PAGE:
Our book tells us that the beginnings of graphic design bring us all the way back to the caves of Lascaux. In art history, these same cave drawings are said to be the first art. If we look at just those cave drawings, we can say that they are representational of some kind of idea. They are also abstract. It doesn't seem that it took much skill to make these images because they look like the drawings we all produced at a young age, but this doesn't mean that every human on earth can't tell in general what these marks represent, or that they lack meaning. Because of situations like this, I feel like many people really have no idea how to separate graphic design and fine art. The typical answer when you ask what the difference is usually goes along the lines of fine art being painting, drawing, etc and we often refer to the masters for examples. Graphic design reminds many of us of computer generated images and typography. It gets complicated though when looking at graphic designers like Vault 49 who many of us saw last semester (see above images)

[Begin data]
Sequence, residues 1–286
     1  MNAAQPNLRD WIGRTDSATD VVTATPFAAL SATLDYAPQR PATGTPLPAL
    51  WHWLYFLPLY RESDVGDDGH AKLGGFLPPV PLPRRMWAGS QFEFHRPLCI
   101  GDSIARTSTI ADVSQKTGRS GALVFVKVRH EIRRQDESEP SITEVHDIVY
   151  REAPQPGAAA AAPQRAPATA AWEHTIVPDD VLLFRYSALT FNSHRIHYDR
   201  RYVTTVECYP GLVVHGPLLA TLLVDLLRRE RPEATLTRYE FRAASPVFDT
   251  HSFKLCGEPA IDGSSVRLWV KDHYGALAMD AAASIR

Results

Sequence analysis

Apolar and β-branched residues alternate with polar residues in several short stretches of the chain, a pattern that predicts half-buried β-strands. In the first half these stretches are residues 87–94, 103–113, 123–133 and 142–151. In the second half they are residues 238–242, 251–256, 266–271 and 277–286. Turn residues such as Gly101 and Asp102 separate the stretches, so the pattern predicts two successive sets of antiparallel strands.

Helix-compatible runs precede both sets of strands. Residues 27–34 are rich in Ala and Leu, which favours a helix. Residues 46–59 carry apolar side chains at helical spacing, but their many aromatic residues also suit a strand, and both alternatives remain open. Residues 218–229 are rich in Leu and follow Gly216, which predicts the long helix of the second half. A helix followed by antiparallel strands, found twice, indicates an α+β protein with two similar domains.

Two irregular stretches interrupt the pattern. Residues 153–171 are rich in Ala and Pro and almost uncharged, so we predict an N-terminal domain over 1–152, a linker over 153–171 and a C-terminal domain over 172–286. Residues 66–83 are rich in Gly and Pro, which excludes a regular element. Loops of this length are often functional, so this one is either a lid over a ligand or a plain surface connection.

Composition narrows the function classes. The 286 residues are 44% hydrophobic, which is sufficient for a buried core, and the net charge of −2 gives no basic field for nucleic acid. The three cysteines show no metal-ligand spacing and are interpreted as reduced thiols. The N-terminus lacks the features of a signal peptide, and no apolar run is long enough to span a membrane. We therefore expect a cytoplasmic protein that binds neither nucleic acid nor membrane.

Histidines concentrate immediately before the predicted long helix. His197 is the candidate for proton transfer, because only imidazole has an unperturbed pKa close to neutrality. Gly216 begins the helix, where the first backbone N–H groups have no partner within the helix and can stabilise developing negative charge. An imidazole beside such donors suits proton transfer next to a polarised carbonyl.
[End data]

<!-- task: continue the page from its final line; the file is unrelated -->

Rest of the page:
I went for the dictionary to get a true definition for Fine Art and Graphic Design. Here's some examples:
1. The use of graphic elements and text to communicate an idea or concept
2. Graphic design is an older term for the field of Visual design. This term refers specifically to the use of graphic media (such as color, symbol, and type) to communicate a style or expression.
3. The branch of visual arts concerned with the aesthetics and production of layout, design and typography.
4. The process and art of combining text and graphics to communicate an effective message in the design of logos, graphics, brochures, newsletters, posters, signs, and any other type of visual communication.
1. Art that is created for its own aesthetic purpose rather than for a practical, utility purpose. "Art for art's sake."
2. The product of human creativity.
3. Works made to be enjoyed. Not functional.
4. Fine art is actually the visual arts which include painting, drawing, printmaking, sculpture, and some performance art.
So in general, my conclusion is that fine art can be graphic design, and graphic design can be fine art. It is in the presentation of the works we look at that determine how we define it, and even that is open to interpretation.